Timothy Beal's epiphany occurred on a drive from Washington, D.C., to Cleveland.
Near Frostburg, Md., a hulking assemblage of reddish girders four stories high suddenly loomed alongside Interstate 68. A bold, blue sign explained:
"NOAH'S ARK BEING REBUILT HERE!"
The following summer, Beal, a religion professor at Case Western Reserve University, found himself in a rented motor home with the wife and children, exploring the Frostburg ark and other astonishing spiritual tourist attractions. Among them: Kentucky's cheesy and oddly named Golgotha Fun Park (a miniature golf course, now defunct); the world's largest Ten Commandments display; and, the world's largest rosary collection in Stevenson, Wash.
Beal's odyssey has wrought "Roadside Religion: In Search of the Sacred, the Strange and the Substance of Faith" (Beacon), published just in time for vacation planning or beach reading.
However quirky, Beal says, the 10 sites he examined in nine states manifest believers' desire to create some "otherworldly realm" set apart from ordinary life. And each destination is a story about an individual's faith.
The idea for an ark replicated to vast biblical proportions originated in 1974, when pastor Richard Greene said God commissioned his task in night visions: Ridicule has only reinforced his Noah-like persistence.
Greene has suffered through breaks with his Church of the Brethren, the loss of some followers and complaints about financial mismanagement -- and over the decades, his God's Ark of Safety Ministry has raised only enough money to pour a foundation of 3,000 tons of concrete and erect part of the framework.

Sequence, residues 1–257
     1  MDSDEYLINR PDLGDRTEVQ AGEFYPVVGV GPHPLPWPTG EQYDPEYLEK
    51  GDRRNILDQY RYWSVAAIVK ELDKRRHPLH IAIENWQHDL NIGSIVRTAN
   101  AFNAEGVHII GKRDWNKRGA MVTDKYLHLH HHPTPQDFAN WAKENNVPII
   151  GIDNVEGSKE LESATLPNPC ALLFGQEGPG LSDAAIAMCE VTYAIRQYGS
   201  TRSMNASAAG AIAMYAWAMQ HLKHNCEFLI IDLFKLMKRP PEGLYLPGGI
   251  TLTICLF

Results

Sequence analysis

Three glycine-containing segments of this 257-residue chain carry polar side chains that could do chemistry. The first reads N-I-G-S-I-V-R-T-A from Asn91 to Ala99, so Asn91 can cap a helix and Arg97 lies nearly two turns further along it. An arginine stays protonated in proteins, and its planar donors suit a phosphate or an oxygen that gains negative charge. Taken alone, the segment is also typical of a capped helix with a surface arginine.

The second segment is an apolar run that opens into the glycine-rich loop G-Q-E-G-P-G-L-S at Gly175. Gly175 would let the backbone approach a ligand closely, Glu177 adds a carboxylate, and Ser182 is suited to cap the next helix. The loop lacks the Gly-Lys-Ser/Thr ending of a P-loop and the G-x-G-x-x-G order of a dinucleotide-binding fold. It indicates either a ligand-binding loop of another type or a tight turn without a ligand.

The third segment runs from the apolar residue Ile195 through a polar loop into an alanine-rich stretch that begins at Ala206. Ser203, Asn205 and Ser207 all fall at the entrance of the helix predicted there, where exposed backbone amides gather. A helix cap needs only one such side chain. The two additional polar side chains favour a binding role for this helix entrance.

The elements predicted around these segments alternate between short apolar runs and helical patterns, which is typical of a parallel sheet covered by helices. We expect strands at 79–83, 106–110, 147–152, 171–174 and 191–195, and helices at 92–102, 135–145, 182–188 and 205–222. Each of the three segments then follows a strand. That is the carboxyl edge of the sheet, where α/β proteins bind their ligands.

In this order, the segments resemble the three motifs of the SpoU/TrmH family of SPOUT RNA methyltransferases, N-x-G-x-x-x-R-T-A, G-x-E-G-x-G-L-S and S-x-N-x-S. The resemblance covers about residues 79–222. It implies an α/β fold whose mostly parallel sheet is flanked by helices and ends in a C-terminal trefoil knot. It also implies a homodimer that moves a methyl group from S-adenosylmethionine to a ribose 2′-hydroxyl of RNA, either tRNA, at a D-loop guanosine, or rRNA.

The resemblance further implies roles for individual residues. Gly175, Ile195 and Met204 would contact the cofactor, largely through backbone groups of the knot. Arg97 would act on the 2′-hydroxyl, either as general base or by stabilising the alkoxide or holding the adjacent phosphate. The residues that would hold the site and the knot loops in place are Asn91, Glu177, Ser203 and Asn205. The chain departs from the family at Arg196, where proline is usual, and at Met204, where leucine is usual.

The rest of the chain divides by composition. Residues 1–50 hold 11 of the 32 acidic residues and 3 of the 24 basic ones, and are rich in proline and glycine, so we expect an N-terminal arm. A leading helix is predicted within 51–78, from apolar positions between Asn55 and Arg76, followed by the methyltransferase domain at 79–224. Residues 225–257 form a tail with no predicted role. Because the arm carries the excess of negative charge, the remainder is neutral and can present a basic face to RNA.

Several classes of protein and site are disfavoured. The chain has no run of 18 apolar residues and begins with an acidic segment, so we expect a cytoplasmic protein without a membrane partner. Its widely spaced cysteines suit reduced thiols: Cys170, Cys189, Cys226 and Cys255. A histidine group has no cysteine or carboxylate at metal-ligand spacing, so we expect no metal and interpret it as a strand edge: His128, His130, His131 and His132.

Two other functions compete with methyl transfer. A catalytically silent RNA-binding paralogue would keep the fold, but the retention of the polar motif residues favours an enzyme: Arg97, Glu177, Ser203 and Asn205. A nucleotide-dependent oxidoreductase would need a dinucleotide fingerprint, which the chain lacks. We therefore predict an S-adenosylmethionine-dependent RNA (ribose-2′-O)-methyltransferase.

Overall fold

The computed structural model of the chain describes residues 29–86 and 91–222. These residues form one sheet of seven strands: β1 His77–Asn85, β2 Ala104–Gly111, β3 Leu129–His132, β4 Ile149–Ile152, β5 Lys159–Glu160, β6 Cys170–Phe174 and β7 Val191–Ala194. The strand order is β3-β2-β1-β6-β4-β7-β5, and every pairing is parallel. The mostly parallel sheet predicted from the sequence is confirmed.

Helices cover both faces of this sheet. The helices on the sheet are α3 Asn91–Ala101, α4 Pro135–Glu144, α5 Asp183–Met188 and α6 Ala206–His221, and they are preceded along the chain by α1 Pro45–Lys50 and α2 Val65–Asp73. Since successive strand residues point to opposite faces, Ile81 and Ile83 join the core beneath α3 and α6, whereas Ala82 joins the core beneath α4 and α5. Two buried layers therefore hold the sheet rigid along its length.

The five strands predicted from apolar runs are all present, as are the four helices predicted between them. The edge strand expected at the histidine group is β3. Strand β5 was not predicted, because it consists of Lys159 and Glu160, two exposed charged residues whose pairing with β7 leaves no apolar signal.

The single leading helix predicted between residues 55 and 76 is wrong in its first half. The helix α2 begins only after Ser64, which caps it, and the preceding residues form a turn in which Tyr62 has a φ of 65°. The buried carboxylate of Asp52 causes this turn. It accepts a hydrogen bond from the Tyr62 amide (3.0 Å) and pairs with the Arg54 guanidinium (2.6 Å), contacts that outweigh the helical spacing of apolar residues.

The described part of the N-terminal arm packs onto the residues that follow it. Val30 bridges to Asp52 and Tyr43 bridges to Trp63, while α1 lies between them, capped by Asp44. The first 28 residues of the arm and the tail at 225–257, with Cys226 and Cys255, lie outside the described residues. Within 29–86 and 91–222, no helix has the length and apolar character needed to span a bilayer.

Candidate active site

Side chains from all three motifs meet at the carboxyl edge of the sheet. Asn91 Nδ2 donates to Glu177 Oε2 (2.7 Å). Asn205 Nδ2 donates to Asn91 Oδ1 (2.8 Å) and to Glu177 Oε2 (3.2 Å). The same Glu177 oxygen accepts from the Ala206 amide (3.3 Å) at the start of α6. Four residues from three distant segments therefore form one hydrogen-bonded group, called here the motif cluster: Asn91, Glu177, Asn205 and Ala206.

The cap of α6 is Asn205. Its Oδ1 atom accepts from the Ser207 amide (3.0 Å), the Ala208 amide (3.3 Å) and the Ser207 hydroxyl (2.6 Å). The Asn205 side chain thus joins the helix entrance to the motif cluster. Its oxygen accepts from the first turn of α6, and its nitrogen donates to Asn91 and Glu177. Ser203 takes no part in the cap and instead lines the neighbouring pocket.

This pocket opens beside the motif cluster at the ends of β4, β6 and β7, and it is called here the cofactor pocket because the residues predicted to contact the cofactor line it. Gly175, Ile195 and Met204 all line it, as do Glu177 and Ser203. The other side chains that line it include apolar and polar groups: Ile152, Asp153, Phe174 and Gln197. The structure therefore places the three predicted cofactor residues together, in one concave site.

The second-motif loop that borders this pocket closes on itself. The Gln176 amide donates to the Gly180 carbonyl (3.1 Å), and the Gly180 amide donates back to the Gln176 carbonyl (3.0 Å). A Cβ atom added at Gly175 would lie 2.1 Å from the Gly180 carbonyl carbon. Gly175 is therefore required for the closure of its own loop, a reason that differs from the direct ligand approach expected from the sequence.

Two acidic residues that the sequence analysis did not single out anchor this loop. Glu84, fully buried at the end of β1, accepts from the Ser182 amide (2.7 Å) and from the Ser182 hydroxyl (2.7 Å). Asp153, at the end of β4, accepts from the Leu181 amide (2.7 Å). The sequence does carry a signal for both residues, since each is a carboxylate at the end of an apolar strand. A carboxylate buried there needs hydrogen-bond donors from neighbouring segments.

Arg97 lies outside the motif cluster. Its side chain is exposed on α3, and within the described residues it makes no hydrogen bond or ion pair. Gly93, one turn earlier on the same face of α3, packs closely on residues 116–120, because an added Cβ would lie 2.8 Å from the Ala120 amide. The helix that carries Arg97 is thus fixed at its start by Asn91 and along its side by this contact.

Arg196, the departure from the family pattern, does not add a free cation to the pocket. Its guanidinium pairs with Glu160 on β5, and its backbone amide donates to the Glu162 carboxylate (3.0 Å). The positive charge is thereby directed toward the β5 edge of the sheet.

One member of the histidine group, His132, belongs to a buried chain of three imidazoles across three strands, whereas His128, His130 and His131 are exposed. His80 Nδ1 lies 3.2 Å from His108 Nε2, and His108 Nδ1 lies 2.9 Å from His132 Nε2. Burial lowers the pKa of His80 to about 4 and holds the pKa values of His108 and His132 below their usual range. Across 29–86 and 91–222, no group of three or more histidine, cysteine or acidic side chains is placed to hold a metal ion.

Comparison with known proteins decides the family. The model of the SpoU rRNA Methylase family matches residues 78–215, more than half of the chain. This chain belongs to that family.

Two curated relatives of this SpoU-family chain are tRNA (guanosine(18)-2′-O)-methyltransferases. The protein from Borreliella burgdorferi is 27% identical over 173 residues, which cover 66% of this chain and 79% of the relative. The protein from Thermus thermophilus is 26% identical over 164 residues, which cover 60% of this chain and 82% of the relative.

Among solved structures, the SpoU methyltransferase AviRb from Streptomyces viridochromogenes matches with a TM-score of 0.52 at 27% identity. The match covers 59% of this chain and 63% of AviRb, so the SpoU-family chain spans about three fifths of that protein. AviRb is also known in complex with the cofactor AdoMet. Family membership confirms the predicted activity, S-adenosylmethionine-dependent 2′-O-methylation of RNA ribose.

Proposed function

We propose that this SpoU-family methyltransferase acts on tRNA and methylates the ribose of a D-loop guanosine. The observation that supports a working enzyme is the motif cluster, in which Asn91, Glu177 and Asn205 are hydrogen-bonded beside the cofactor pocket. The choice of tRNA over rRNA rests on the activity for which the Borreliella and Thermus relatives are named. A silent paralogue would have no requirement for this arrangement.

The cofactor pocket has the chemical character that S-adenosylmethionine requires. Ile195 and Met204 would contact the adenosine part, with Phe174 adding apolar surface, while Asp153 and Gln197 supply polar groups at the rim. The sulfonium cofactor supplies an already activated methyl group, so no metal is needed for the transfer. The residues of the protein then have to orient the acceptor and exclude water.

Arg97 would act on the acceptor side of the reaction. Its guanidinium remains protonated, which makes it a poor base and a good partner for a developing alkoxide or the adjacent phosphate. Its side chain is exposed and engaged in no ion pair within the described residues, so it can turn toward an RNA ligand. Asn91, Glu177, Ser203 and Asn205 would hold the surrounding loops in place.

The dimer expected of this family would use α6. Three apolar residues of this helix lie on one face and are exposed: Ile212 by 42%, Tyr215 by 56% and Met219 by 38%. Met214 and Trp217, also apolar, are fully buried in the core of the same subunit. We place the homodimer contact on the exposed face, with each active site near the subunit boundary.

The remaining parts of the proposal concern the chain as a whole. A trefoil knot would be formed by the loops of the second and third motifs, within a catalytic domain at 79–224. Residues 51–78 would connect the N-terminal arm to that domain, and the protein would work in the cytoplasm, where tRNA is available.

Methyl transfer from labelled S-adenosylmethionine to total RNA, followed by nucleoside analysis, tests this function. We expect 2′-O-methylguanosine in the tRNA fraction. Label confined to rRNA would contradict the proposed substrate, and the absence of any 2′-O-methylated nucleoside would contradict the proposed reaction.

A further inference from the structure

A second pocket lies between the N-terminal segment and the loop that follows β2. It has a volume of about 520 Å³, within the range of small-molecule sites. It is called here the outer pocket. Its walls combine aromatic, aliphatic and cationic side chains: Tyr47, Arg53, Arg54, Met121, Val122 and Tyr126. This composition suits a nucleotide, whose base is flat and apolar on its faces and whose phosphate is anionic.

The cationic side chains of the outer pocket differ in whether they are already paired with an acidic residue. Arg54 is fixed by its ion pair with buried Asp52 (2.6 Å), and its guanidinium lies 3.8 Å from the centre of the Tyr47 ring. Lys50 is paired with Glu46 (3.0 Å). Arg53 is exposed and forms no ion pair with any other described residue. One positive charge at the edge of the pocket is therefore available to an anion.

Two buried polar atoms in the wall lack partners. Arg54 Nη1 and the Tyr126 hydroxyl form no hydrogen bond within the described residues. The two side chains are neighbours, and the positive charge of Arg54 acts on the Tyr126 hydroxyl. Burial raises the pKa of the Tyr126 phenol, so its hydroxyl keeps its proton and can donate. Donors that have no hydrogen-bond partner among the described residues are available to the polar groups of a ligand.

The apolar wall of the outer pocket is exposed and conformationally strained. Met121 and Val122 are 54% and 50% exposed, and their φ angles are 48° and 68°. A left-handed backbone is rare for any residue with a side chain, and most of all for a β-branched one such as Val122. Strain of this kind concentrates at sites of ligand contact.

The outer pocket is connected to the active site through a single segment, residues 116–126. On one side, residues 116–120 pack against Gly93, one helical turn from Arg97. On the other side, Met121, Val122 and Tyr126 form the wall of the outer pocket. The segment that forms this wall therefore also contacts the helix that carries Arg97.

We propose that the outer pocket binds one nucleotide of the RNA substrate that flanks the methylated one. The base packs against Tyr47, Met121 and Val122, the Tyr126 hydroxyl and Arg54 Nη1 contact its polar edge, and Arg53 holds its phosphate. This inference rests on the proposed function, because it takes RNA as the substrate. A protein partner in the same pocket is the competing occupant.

Yet Beal found the Quixote-like effort moving, and says that after visiting Greene he lamented his own "lack of faith and inability to hope for an absurd miracle."
He's less indulgent of the world's largest Ten Commandments, on display at Fields of the Wood east of Murphy, N.C. The 216-acre site, operated by the Church of God of Prophecy, also boasts of the world's largest altar and world's largest New Testament, both in concrete.
The commandments are presented in concrete letters, five-feet tall, marked off by 10-foot Roman numerals. The sacred text only can be read from an adjacent hillside or by air.
Beal accuses the sponsors of turning God's Word into an idol.
"These giant hillside tablets deserve a prize for irony, making a graven image of the prohibition against graven images," he says.
Yet Beal turns respectful again when he encounters the awesome piety of Bill Rice's Cross Garden outside Prattville, Ala. It consists of thousands of makeshift wooden crosses strewn across 11 acres, interspersed with rusting appliances, other junk and placards proclaiming urgent -- if ungrammatical -- messages, such as "IN HELL FROM SEX SEX" and "RICH MAN IN HELL REPENT".